The worst part is the host writes are 20GB per day but the actual NAND writes it could be close to 3.5 TB a day. My drive has 11GB a day writes or 3.2TB of host writes over 7105 hours on (296 days 24/7). By my calculations I have a write amplification of 175x and burned 4498 average P/E cycles, 11% drive life. That would be 2TB per day of NAND writes for 11GB of random host writes to the drive. 4498 average P/E cycles multiplied by 128GB drive size should give me 562TB total NAND writes. Divide that by my 3.2TB host writes and you get 175x write amplification. Reply
  • hurleydood - Thursday, March 28, 2013 - link

    Here's the pic from CrystalDiskInfo Reply
  • Laststop311 - Monday, November 19, 2012 - link

    I knew people have been over acting the nand endurance issue. SSD's should last longer then hdd's with all their moving parts something is bound to fail on a hdd before you run out of writes on a ssd. In a week I probably use about 50GB of writes and thats a high estimate, more like 30GB a week unless a buncha good movies release that week. So my 256gb crucial c300 which is a 34nm MLC product should basically last me a lifetime. Reply
  • Laststop311 - Monday, November 19, 2012 - link

    Can anyone tell me how much longer the 34nm MLC nand should last compared to the 20nm MLC evaluated in this article? Reply
  • Kristian Vättö - Monday, November 19, 2012 - link

    IMFT's 34nm MLC NAND is rated at 5,000 P/E cycles, whereas IMFT's 20nm MLC NAND is rated at 3,000 cycles. Using the same math as in the article, a 256GiB SSD with 34nm MLC NAND would last for 116.8 years if you write 10GiB a day (WA=3x).

    Obviously, that's theoretical.
  • Ao1 - Monday, November 19, 2012 - link

    The theoretical P/E count is not just based on how many times the cell can be written too; it’s also based on the ability to retain data over time. Whilst it’s possible to write well beyond the theoretical P/E count no-one (publically) knows how long data retention will last once the theoretical P/E count has been exceeded. The full picture on endurance is not available until someone can show the relationship between the P/E count and the duration that a cell is subsequently able to retain data. Reply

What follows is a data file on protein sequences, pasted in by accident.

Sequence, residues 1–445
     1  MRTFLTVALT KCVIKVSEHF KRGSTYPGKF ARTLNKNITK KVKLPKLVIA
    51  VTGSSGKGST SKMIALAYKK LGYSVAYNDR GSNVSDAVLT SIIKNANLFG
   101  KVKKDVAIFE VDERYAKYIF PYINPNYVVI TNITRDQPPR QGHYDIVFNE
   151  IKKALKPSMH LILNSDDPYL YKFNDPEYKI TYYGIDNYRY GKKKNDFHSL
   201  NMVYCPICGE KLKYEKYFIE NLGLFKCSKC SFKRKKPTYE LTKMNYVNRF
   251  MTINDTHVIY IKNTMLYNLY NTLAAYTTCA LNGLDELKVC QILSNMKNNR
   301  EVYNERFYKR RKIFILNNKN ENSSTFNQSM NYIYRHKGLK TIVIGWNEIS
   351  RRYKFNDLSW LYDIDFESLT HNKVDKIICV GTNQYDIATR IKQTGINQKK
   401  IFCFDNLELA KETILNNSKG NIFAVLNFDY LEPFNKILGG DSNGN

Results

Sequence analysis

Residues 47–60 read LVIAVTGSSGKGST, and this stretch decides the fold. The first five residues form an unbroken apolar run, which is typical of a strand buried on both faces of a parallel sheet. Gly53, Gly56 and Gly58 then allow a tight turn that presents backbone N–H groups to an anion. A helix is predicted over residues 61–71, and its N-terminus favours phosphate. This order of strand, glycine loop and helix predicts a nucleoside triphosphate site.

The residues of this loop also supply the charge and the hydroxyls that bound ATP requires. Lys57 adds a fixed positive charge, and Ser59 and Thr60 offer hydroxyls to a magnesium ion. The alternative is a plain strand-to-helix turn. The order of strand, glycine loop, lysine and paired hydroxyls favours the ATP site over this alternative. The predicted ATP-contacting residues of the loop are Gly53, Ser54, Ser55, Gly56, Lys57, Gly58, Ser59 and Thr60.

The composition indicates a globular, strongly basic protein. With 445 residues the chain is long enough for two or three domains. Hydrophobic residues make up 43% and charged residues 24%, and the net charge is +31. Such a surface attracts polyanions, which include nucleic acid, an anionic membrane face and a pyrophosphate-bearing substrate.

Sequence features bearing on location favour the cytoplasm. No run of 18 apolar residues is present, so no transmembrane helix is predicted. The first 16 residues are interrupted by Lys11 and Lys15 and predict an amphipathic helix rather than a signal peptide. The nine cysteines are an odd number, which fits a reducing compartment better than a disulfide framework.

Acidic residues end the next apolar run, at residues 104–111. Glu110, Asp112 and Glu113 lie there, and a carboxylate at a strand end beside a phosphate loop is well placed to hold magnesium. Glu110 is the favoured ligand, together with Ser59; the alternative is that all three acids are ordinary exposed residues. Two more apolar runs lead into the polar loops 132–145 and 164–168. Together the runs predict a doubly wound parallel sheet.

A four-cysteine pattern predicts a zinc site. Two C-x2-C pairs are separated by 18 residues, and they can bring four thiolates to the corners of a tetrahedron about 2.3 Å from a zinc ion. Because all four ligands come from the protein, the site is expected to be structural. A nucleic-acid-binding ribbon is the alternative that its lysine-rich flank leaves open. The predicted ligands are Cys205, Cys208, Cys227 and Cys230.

• htwingnut - Sunday, February 24, 2013 - link

    Any user that is writes a lot of data shouldn't even consider one of these drives. Just buy the 840 Pro or a Crucial M4. I see the 840 as more of a casual user's SSD. I put a 120GB 840 in each of my kids' netbooks. Over the course of a year they'll likely average less than 10GB writes a day and their systems go on hibernate once or twice a day. Most users that just browse the web, do basic MS Office stuff probably won't even encroach 10GB/day, and remember that's 10GB/day 7 days a week, 365 days a year.. Most users buy a new computer or laptop every 3-4 years anyhow, so I don't see it as a big deal. I wouldn't trust any HDD that is over 4-5 years old either. I have an Intel X25-m 80GB that's been used as a "casual" OS drive for about 3 years now, and it has less than 1TB of writes on the drive. It basically housed the OS and a few apps. Reply
  • Kaos11 - Tuesday, April 30, 2013 - link

    I would like to partition my 840 into two partitions as this is my normal setup on a Spinner.
    The question is does wear levelling treat the partitions as separate or is it smart enough to still wear level the whole SSD?
  • phil13 - Wednesday, December 11, 2013 - link

    I have one that failed, only show 0.9GB, SN: 000000000, Firmware: DXT06BO0, even samsung Magician software can see it, but say that there is no samsung SSD drive.
    It does look the firmware problem, all feel ok.
    Any solutions and help? appreciate, thanks.